This subject is so vast that it has been divided into many sub-topics. A brief idea of the sub-topics is given here but chose a tab on the left for a fuller description. New sub-topics will be added from time to time. Some subjects cross boundaries e.g. landscape history and nature, so look in both places..
The Transactions and HAN contain many references to agriculture in Herefordshire, unsurprisingly. These range from farm buildings to open fields and meadows.
Woodlands and Trees
Herefordshire's woodlands have been man-managed for hundreds of years and there are many records of this activity, both documentary and on the land itself. This subject will appear in the Nature topic under Trees and Woodlands.
There are a number of archives (apart from Herefordshire's own archives and records centre) which have substantial collections of local records. They have their own websites and links will be given to these. Members or others may wish to post their own photographs of documents to help other researchers. These can be restricted to Club members. Note that the Club's own archive will be made available in this section.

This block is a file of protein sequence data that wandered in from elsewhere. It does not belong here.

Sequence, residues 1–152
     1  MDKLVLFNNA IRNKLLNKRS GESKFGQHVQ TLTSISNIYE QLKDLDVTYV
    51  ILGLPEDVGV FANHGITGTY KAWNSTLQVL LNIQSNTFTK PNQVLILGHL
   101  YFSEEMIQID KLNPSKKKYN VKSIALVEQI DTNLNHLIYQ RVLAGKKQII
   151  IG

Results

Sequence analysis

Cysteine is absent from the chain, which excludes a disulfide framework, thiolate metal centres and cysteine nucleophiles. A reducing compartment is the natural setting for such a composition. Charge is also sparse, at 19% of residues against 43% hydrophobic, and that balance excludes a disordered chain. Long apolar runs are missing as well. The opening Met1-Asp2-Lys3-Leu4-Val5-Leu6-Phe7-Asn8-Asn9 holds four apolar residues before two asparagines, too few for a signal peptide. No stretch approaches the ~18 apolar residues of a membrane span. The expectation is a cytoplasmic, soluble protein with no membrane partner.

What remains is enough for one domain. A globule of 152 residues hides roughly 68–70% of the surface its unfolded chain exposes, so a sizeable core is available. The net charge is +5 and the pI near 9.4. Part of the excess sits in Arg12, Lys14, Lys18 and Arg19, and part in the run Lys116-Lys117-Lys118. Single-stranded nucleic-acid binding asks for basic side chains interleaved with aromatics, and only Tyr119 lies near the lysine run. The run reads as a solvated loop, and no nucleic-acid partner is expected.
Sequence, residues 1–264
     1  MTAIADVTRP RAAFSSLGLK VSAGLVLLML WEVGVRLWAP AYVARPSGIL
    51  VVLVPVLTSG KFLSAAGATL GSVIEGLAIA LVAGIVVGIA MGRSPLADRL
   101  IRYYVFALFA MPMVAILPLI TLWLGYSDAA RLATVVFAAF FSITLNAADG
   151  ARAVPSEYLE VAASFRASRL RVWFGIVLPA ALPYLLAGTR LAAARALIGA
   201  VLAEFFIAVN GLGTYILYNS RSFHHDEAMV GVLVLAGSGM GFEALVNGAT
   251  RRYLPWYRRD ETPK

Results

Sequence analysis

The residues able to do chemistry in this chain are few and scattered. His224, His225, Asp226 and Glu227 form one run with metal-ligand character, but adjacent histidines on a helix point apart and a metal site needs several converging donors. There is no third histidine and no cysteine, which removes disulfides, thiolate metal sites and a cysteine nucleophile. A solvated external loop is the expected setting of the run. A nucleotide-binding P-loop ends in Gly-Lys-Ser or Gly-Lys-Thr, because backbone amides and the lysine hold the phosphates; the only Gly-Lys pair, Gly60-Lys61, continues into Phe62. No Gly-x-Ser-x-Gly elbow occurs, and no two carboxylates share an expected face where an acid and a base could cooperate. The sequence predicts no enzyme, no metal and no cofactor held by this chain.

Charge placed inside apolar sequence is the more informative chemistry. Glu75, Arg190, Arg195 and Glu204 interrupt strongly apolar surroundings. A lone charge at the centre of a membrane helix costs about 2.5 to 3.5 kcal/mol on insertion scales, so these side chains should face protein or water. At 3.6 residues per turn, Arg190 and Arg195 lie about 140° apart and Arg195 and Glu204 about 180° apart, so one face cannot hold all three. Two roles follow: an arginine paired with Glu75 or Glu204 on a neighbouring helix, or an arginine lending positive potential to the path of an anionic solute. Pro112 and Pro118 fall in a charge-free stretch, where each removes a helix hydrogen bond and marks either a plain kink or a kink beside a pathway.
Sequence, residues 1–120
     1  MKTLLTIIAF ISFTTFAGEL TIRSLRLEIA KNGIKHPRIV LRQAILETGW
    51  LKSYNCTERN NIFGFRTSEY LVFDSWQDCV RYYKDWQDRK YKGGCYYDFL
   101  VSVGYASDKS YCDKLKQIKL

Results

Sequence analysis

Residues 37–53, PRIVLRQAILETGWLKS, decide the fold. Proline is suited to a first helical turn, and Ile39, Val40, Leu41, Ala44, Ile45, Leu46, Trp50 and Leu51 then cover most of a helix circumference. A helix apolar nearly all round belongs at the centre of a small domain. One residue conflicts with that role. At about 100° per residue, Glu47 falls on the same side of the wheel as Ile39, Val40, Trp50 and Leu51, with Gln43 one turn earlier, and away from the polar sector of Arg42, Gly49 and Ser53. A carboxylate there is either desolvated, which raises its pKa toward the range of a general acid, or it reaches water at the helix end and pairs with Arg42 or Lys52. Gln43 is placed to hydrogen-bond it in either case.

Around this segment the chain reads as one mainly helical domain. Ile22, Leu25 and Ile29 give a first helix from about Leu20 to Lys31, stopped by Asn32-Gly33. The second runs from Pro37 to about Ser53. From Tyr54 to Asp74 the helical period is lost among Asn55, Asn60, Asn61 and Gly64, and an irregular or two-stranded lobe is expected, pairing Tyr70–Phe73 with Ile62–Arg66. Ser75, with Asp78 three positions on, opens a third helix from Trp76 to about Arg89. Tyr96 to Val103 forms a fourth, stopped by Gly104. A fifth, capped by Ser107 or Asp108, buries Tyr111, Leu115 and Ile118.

Boundaries and Divisions
One of the special interests of the Club has been the study of the influence of man on shaping the Herefordshire landscape – and vice versa.
Although Herefordshire has been historically been primarily an agricultural county, certain areas have an industrial heritage dating back to the Iron Age.
For many years the members of the Club have been examining and recording archives or private collections of deeds concerning Herefordshire.. These detailed records have often remained in private hands and unless they have been published in full they have been unavailable for study. Indeed, many have been destroyed inadvertently after a member’s death. Apart from the odd collection, usually uncatalogued, which has found its way into local archives their work has been lost. The advent of computers and digital photography means that members have the possibility of sharing their research with other Club members or, if they wish, with the public.
The history of the weirs on the Wye and its tributaries has been explored in a number of papers both in the Transactions and HAN. They may well date from Roman times and were valuable as fisheries as well as for providing motive power for mills and ironworks. It has been proved recently that water meadows i.e. meadows provided with water by leats are more extensive in the county than originally thought.